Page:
However, I would like to pose the problem in a different way, and this relates to a conceptual gap within left political economy and how it understands capitalism and production: namely related to the status of animals as labourers. Labour is an important category within left thought because of the central role of labour in generating value and the primacy given to the agency of labour in resisting capitalism. It is well known that Marx was antagonistic to the idea that animals laboured in the way that humans do: Marx’s 1844 Manuscripts very clearly articulate a supposed fundamental difference between how humans and animals labour, attributing a capacity for conscious creative work only to humans.11 Arguably much left theory has maintained this anthropocentric assumption that assumes that human labour makes the world. Indeed, Holt-Giménez appears to repeat this assumption:
All commodities, including food, are the products of human labour. Even honey, made by the planet’s beleaguered bees, needs to be collected and processed by human labour. Wild mushrooms still need to be gathered; salt needs to be mined or produced in evaporating ponds; and wild fish must be caught. Even the new, fully automated parlours for milking cows need human labour to make and maintain the milking machines and care for animals. One way or another, human labour – physical and mental – is common to all commodities and directly or indirectly embeds the value of labour into everything we buy and sell (61).
Of course, human labour forms a component of value generated within all production processes in human societies. However, the above paragraph illustrates than non-human labour has an essential role: cows obviously have to produce milk, generating value within the production chain in order for the production process to succeed. Only the most self-centered anthropocentricism would imagine that only human labour produces this value. And there are now a growing chorus of scholars who have pointed out that actually animal do labour and this is an important part of the production process that has been devalued.12 There is also recent green theory which has emphasized that all production is inevitably a combination of human and non-human natures, paid and unpaid labour.13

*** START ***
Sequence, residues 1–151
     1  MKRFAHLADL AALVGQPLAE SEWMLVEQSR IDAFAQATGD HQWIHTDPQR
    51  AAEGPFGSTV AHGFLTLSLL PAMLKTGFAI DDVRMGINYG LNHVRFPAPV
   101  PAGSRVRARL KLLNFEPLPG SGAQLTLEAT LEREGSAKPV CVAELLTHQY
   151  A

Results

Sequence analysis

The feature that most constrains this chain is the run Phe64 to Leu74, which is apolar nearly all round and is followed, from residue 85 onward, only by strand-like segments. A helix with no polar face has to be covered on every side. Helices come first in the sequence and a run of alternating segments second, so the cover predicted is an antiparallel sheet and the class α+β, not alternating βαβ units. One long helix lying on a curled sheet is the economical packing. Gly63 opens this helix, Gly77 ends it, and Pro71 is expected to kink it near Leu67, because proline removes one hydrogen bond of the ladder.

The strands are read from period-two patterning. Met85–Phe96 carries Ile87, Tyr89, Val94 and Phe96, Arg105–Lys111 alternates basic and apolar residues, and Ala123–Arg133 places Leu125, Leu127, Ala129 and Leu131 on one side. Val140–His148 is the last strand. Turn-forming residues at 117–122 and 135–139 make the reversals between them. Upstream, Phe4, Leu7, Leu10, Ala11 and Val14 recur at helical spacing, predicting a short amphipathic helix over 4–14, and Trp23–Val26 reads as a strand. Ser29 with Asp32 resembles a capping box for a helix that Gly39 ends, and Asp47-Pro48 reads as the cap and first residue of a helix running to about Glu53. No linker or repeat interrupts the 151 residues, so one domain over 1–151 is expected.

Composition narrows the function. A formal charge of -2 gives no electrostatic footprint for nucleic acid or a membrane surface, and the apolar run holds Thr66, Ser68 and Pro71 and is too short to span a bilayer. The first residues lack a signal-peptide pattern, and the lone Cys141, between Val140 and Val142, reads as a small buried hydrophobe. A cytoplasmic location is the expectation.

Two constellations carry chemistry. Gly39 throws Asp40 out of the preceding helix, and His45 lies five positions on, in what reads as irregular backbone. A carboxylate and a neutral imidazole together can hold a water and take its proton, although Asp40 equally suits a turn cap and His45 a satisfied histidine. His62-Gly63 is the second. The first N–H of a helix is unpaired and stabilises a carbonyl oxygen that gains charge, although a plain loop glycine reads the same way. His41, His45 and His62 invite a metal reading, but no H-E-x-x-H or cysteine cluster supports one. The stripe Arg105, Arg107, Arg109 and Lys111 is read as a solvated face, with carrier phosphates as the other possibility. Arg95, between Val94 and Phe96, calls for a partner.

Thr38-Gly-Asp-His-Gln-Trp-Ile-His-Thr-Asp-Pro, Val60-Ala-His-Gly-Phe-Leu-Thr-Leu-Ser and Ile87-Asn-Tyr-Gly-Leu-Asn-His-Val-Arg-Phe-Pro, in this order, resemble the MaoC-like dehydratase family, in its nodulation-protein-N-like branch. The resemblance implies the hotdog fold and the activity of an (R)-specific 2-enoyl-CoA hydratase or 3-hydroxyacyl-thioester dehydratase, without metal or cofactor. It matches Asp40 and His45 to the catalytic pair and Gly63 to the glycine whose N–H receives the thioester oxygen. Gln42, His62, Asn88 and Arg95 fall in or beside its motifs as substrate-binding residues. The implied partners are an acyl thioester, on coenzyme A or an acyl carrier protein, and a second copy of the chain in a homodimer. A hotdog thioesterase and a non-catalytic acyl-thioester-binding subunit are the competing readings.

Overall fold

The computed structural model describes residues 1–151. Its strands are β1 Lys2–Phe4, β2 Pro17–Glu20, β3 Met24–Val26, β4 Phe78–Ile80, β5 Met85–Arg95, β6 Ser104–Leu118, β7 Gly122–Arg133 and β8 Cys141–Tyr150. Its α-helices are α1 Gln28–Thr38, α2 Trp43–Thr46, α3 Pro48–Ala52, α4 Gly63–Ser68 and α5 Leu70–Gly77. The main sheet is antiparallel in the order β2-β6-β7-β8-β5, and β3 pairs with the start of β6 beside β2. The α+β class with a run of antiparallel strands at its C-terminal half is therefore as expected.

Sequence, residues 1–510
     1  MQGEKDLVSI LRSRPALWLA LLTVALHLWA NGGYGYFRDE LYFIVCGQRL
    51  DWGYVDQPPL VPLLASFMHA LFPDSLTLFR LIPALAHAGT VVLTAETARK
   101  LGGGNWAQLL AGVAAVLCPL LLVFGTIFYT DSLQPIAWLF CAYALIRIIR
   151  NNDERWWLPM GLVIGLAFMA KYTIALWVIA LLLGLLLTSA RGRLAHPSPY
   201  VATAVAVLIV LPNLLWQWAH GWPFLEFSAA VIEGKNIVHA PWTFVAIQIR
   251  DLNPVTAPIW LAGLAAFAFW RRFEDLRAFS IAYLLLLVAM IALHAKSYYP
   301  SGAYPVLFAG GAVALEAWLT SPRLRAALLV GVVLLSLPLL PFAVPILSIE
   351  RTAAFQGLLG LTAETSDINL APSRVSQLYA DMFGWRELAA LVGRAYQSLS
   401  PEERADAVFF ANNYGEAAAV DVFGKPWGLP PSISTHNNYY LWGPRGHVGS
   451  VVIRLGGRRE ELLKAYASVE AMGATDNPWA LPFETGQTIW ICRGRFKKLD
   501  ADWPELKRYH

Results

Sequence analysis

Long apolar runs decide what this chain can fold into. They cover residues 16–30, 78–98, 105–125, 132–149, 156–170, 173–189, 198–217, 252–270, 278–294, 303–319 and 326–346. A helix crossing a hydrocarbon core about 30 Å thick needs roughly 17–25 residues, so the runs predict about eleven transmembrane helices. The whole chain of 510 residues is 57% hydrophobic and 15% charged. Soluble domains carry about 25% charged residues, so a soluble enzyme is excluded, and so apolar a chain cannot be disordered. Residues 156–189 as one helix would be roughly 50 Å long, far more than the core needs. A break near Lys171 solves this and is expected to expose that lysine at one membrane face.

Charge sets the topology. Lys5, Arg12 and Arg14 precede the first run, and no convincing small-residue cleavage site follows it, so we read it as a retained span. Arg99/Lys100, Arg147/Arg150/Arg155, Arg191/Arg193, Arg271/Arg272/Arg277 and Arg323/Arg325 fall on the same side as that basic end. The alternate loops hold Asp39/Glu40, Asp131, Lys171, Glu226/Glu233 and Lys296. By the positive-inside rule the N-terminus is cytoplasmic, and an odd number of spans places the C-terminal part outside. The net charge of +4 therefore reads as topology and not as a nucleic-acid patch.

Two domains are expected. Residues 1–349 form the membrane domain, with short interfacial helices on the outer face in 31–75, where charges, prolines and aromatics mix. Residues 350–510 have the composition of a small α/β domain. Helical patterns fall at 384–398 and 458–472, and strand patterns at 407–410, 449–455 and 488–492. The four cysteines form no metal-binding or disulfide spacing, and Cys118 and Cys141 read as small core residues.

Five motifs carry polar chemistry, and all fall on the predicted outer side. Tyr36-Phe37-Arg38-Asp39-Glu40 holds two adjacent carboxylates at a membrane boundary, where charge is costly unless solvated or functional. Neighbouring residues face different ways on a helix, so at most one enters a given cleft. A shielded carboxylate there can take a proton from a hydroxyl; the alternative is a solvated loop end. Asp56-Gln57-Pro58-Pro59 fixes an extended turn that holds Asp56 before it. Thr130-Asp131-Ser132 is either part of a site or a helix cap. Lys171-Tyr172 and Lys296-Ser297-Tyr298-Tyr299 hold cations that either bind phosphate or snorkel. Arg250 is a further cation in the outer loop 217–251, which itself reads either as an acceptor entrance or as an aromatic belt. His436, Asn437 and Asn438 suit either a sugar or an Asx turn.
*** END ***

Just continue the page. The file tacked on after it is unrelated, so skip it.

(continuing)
The idea that animals create value has immense implications for how we read Marx’s value theory, something myself and others have attempted to explore.14 At least one implication is that the workforce of capitalism is not only human, and that development of industrial capitalism has equally been a process of subordinating human and animal labour. In this, we must understand capitalism as a process that seeks to dominate all life, and as such the labour of all beings. Indeed, non-human animals are perhaps the largest workforce of capitalism, and they face some of the most grueling conditions: intensive controls over diet, movement and reproduction, and mass violence that includes systematic forms of suffering and large-scale death. Confronting capitalism means simultaneously working to build the worlds we would prefer to live in; worlds that do not rest on continued and deep forms of exploitation, violence and domination, and promote universal flourishing. In this context, it would be problematic if alliances to end capitalism are premised on the continued exploitation of animals.
I am not sure whether it is reasonable to direct the above concerns at Holt-Giménez in the form of critique. After all, the book reflects a theoretical position of food sovereignty movements, embodying the material alliances that have been formed with a variety of social forces. But the book is symptomatic of the current status of animal liberation within left politics. To an extent then, the failure of A Foodie’s Guide to Capitalism to critically problematize the continuing role of animals – as food and labour – under capitalism is a product of the isolation of pro animal movements from both food sovereignty movements and left struggles more broadly. The solution has to be for animal liberationists to engage more with food sovereignty movements and work on alliance building – by all means, a long-term project. Holt-Giménez proposes a vision for the renewal of the left in A Foodie’s Guide to Capitalism. This will require tactical alliances with a range of different movements. This vision needs to extend to dialogue, negotiation and alliance building with pro animal movements.